To ensure that you do the best prep and paint job, you need to remove the doors, drawers, and shelves. Firstly, unscrew the hinges from your cabinet frames and remove the doors. Working from left to right and top to bottom, you need to label each one with a number on a piece of tape, so you know where it goes once painted. Additionally, number the edges of the cabinet shelves and bottoms of drawers. Remove and set aside any shelf-hanging hardware. At your workstation, remove the pulls and hinges and set them aside to be reused.

Step Three: Clean Your Cabinets

Once all the doors, drawers, shelves, hinges, and hardware are removed, you can now easily clean all surfaces of your kitchen cabinets. Using a cloth sprayed with degreaser and wipe all the cabinet surfaces with it to remove any oil. This is an essential step as it helps the primer to stick. If an ordinary household cleaner is not removing greasy areas, try using trisodium phosphate (TSP), which is sold at paint and hardware stores. TSP can be very aggressive, so follow the safety precautions on the container.

When cleaning your cabinets, clean all six surfaces of each drawer or cabinet door. Don't forget to clean the face frames and exposed sides of the boxes as these are often overlooked. Also, pay particular attention to cabinets surrounding or close to your stovetop, as they are more likely to be covered in grease.

Step Four: Prepare The Cabinet Boxes

Before you start this step, put on safety gear, and ensure that your kitchen has plenty of ventilation. To prepare the cabinet boxes for painting, you need to do the following:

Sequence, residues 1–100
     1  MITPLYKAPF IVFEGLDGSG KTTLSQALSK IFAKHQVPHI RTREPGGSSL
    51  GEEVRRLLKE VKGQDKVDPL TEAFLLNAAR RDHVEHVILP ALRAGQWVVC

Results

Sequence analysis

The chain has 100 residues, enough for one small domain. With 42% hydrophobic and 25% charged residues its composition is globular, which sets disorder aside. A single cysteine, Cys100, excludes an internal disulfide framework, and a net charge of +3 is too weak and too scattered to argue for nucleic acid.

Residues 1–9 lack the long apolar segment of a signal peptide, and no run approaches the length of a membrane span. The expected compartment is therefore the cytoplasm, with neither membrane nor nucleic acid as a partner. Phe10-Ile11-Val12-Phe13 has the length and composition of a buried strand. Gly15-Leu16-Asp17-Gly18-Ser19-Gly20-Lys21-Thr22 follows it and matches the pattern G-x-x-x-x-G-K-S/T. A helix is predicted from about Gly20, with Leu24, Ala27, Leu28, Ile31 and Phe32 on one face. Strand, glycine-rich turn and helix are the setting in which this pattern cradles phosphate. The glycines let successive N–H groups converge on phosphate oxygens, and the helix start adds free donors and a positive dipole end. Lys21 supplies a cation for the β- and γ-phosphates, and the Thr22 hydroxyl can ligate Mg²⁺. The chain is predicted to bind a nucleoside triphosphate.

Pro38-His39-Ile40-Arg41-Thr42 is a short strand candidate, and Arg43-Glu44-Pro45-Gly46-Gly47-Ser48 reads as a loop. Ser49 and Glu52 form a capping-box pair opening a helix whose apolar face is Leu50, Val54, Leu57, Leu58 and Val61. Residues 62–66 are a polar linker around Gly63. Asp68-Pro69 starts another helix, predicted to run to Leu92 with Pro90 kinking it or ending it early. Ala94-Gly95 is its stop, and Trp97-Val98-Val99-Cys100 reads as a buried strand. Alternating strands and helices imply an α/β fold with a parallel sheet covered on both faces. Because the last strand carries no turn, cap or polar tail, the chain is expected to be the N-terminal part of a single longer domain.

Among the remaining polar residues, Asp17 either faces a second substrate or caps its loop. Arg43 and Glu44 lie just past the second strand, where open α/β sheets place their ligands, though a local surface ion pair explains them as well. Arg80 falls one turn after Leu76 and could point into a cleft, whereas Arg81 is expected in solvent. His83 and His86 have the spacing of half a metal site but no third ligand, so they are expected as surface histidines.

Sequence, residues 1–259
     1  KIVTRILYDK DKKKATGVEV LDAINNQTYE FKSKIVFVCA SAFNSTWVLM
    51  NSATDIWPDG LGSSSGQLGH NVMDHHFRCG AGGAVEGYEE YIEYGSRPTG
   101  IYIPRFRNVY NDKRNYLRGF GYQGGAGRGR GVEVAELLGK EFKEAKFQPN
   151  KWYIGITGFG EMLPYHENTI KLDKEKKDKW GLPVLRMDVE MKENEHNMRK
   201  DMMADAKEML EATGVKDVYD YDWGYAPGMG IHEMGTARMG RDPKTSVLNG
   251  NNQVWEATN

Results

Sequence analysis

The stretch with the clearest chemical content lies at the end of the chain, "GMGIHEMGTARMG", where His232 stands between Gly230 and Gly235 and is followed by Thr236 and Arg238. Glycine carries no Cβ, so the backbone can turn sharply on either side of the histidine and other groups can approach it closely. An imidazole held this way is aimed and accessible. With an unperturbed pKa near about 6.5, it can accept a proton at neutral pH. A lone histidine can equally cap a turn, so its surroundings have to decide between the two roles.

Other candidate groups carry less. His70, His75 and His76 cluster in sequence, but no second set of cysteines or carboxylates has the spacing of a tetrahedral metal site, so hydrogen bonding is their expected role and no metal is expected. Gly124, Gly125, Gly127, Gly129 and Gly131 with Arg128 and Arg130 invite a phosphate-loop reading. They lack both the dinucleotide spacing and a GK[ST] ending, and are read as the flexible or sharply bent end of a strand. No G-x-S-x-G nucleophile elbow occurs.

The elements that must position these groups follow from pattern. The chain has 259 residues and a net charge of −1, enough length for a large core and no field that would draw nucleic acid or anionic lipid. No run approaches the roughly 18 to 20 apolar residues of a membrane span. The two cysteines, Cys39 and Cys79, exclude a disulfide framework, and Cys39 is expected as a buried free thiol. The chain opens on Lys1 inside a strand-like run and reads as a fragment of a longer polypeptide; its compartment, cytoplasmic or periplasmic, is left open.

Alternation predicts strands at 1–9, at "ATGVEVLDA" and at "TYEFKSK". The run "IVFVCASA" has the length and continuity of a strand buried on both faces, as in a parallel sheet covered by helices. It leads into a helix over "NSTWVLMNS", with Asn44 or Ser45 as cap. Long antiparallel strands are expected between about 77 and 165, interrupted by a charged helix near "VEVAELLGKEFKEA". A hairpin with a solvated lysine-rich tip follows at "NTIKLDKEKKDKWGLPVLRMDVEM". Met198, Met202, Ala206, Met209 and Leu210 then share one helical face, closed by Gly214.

• Degloss Your Cabinets: Use an abrasive pad and liquid deglosser and scrub down all the boxes surfaces. Try to avoid any dripping or use a rag to catch any excess deglosser. You'll need to work quickly as deglosser evaporates quickly, and you need to wipe away the residue with a clean, deglosser-dampened cloth.
  • Fill Old Screw Holes: If you plan on relocating your kitchen cabinets' hardware, now is the time to fill the old screw holes with a wood filler. Mix only a small batch of filler at a time, as it typically sets within five minutes.
  • Sand Surfaces: Using 100-grit sandpaper, sand down all surfaces of your cabinet boxes. This will cause plenty of dust, so you will need to vacuum your work area and inside the cabinet box afterward. Once cleaned, you can remove any access dust with a damp cloth.

Step Five: Prime The Cabinet Boxes

Starting at the top of each cabinet, add primer across the grain using your angled brush. Add a light second coat to ensure you've got all the nooks and crannies. Once applied, you'll need to give it a day to dry.

Step Six: Sand, Caulk & Fill

After 24 hours, you can do the following:

  • Sand: You need to sand the flat surfaces of your cabinets with 220-grit sandpaper until the wood feels smooth.
  • Caulk: For any open seams, squeeze a thin line of latex caulk into them. Pull the tip as you go, then smooth latex caulk with a damp cloth or finger.
  • Fill: For any dents, scratches, or dings, fill them with vinyl spackle and smooth it with a putty knife.

Once the spackle is dry — which should take about an hour — sand again with 220-grit paper. You'll need to vacuum and wipe again with a damp cloth. You can now touch up any spots where the sandpaper has removed too much primer with a fast-drying primer. You'll need to wait another hour before lightly sanding the newly primed surface with a 280-grit paper. Do a final clean and vacuum before you can start painting.

Finishing Up

If you don't have the time or effort to prepare your kitchen cabinets for painting, opt for pre-primed cabinet doors. From raised panel doors to arched cabinets doors, at CabinetNow, we offer various pre-primed cabinet doors for you to paint in whatever color you want. And if you don't want to paint these pre-primed cabinets, you can take advantage of one of our nine beautiful neutral colors. Either way, with a new color on your cabinets, your kitchen will feel like new!